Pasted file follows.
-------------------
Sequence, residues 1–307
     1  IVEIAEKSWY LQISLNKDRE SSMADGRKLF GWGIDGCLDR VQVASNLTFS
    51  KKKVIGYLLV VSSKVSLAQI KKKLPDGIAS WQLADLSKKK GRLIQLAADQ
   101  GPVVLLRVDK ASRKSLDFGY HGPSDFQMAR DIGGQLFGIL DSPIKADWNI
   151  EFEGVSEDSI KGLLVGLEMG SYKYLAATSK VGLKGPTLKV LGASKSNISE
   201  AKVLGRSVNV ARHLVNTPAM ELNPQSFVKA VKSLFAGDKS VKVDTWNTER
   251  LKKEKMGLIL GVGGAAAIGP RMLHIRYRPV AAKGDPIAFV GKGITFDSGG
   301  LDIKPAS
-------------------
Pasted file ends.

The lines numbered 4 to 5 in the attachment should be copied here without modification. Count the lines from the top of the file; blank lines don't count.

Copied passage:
   101  GPVVLLRVDK ASRKSLDFGY HGPSDFQMAR DIGGQLFGIL DSPIKADWNI
   151  EFEGVSEDSI KGLLVGLEMG SYKYLAATSK VGLKGPTLKV LGASKSNISE